The Heritage Lottery Fund (HLF) awarded the SPAB a development grant to allow us to pilot the idea of bringing together groups of people caring for places of worship and encouraging them to work together to tackle common problems. The aim of this new project – the Maintenance Co-operative Movement – is to connect, encourage and support the many thousands of volunteers across the country who are responsible for the up-keep of some of our most beautiful and important buildings. We will be working with a range of individuals and organisations in order to deliver this new and exciting project.
The new project is a successor to the award winning Faith in Maintenance project (FiM), which is now complete. The FiM project was never intended to last beyond five years, but our evaluation work showed that there is a definite need for a successor scheme to develop and continue the key elements of the project. Over the next ten months we plan to use our development grant to explore the best way to establish the Maintenance Co-operative Movement as a network which will provide mutual support, information and practical advice for volunteers who look after historic faith buildings. Our hope is that the new project will allow people to share ideas, resources and good practice as well as to benefit from mutual support.
During the development phase, the SPAB will work with a number of partners including the National Churches Trust, English Heritage, the major denominations and several of the local churches trusts to identify five broad geographical areas where a series of linked local maintenance co-operatives will be established during the main phase of the project (2013 onwards). The intention is to recruit paid regional development officers for each area who will be responsible for encouraging people of all denominations to take part in local maintenance co-operatives. The regional officers will also recruit a number of volunteer coordinators to help manage local groups. The volunteers will assist with arranging local training events and encourage good maintenance practice in their areas.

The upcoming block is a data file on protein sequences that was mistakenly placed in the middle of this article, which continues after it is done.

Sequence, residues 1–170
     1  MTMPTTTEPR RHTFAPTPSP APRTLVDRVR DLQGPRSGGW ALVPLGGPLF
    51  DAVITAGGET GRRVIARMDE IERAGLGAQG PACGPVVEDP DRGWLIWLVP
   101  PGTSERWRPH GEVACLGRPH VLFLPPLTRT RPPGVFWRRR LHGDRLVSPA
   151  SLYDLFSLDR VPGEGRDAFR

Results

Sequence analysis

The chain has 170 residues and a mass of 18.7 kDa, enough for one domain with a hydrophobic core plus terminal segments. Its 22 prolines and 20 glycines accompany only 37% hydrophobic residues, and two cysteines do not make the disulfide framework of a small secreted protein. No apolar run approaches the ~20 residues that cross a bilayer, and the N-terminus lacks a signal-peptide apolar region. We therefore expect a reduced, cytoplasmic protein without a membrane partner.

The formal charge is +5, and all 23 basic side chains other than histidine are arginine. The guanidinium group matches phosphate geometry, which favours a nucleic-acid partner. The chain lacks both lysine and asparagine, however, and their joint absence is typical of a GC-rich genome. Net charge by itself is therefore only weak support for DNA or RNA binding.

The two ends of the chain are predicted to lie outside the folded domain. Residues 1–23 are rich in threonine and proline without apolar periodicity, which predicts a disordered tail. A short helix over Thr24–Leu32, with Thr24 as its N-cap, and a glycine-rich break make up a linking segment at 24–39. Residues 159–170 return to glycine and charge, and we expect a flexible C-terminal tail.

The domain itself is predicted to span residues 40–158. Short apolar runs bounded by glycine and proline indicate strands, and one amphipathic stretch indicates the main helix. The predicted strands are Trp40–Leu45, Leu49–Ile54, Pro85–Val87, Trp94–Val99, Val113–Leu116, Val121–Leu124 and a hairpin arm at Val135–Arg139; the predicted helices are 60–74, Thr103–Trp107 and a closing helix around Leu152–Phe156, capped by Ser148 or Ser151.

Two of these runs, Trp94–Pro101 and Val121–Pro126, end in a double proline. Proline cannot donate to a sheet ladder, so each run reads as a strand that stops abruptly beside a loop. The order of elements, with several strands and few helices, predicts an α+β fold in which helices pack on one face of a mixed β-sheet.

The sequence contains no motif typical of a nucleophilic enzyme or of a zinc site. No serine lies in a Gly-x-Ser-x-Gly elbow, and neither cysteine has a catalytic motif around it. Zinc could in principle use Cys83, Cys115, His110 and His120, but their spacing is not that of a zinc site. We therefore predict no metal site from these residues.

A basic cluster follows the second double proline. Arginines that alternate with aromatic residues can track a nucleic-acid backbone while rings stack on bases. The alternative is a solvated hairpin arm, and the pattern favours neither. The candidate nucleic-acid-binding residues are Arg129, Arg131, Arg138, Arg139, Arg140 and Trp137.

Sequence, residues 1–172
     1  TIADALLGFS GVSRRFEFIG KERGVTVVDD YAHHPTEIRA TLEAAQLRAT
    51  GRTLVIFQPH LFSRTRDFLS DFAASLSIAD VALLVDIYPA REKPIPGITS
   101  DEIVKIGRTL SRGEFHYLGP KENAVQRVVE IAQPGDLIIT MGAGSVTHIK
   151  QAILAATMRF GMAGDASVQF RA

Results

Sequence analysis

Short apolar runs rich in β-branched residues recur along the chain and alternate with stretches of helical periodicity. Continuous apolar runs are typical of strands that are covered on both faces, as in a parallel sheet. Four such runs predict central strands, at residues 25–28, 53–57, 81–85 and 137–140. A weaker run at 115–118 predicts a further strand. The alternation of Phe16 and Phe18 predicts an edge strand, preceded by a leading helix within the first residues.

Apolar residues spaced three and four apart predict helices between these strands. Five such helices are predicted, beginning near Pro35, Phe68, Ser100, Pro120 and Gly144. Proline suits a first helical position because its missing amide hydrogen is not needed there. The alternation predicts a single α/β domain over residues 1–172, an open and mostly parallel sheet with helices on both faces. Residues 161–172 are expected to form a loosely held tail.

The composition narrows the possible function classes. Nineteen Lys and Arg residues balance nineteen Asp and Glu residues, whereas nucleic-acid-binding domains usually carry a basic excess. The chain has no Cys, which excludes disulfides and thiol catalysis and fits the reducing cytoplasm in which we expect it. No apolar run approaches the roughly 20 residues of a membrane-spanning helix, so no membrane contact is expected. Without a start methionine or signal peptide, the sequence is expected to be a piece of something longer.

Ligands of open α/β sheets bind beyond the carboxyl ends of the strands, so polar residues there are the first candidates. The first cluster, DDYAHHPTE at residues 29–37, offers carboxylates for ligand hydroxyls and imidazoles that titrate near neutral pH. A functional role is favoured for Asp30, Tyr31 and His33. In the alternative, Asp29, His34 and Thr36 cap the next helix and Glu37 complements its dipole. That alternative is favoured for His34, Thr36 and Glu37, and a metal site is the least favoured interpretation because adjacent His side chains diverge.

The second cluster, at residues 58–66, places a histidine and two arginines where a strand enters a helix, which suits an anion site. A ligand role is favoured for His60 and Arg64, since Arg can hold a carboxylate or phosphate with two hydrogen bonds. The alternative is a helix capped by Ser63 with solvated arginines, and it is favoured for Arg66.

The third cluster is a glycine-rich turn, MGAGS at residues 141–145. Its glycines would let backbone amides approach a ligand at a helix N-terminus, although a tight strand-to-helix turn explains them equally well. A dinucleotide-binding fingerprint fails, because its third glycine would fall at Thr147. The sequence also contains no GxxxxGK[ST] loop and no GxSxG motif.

So that we can establish the most effective model for the local maintenance co-operatives Project Development Officer, Dr Bruce Induni, has set up three pilot schemes in the West Midlands in Stoke on Trent North, the Clun Forest and Dudley. Dr Induni is currently running a series of training events in these areas and will use this experience to help shape the activity plan for the main project. We will also use the development period to identify a range of other resources that volunteer groups might find useful in order to help them to care for their historic places or worship and to consider ways of ensuring that good practice and good ideas are shared at a local and a national level.
We intend to work with a wide range of other organisations across the faith and heritage sectors and details of our progress will be posted on the project blog as the year progresses. We also welcome input from anyone who would like to make a suggestion or get involved in the project. Please use the comments box to share your thoughts and ideas with us and we’ll respond as quickly as we can.